Five Great Dramatic Short Films
In the context of the ways in which we categorise our own entertainment, drama is a term that can feel almost uselessly vague. After all, dramatic moments can crop up in any story—no matter what genre it defines itself as. A comedy can still take time for a heartfelt conversation between two characters. A science fiction, or fantasy, story may be built around relationships that feel entirely real and genuine. Even a horror story might take a moment to explore feelings of grief regarding a character's (doubtlessly horrifying) death.
Pure drama, though, is a genre that defines itself by these moments. It's a genre that entirely devotes itself to exploring themes that are, for lack of a better word, dramatic. They can be bleak and depressing sorts of stories, of course. But there's also plenty of room for stories that are hopeful and uplifting. They can also be romantic, or tragic, or tense—exploring subject matter that could range anywhere from love and family to crime and corruption.
Whatever form they take, these are the sort of stories that most depend on establishing a strong sense of connection between the characters and the audience— due to the simple fact that their success is almost entirely dependent on convincing you to feel something that the characters are feeling.
Below is a list of five great short drama films which, in my opinion, all manage to succeed at this quite admirably.
The Most Beautiful Thing
A socially awkward kid, who I'm sure many of us can easily relate to, is only barely able to work up the courage to say 'hello' to a girl, only to be immediately disheartened by her complete lack of response. But, as it turns out, she isn't ignoring him—she's actually deaf. After the inevitable awkwardness that results from this unexpected development, the two quickly go on to become close friends. But with the 'all-important' end of year prom quickly approaching, is there any chance that they could become something more?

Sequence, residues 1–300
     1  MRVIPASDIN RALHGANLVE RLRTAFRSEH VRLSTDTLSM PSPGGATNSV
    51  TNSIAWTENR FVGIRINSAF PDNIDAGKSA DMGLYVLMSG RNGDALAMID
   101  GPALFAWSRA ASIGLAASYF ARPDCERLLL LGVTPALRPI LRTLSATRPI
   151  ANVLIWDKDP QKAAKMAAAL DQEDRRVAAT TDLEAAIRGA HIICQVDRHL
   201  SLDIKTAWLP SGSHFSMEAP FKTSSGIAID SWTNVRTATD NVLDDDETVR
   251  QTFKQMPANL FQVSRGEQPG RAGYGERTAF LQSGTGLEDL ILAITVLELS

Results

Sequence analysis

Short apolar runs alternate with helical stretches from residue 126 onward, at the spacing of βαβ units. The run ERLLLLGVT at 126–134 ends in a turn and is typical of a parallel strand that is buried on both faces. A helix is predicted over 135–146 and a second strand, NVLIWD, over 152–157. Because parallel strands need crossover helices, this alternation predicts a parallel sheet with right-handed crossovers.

As love stories go, The Most Beautiful Thing is, admittedly, a fairly standard one. It is one full of angst and emotion, and one that contains various misunderstandings of both the comical and dramatic variety. It is, at heart, a short film which fully embraces all of the discomfort of being a teenager in love. As a result, it is also a film which seems to be in almost constant danger of devolving into the worst sort of melodrama. Thanks to the impressive performances given by its two very likable leads, though, the film never quite reaches that point. Instead, it is a film which proves to be both charming, and genuinely touching.
To watch The Most Beautiful Thing, just follow this link.
An 18-year-old boy attempts to track down the mother who had abandoned him shortly after he was born, and who he has never met. Depending on the kindness of whoever is willing to stop for him, he makes his way slowly across New Zealand as he continues his search. Things seem to be going reasonably well, until the most recent person to pull over for him turns out to be a rather intimidating looking older man, with a Swastika tattooed onto his face. Naturally, the boy is hesitant about accepting this man's offer of a ride. Ultimately, the lack of any better option convinces him to take the chance. As they travel together, the two begin to share details about their lives, and find themselves bonding unexpectedly.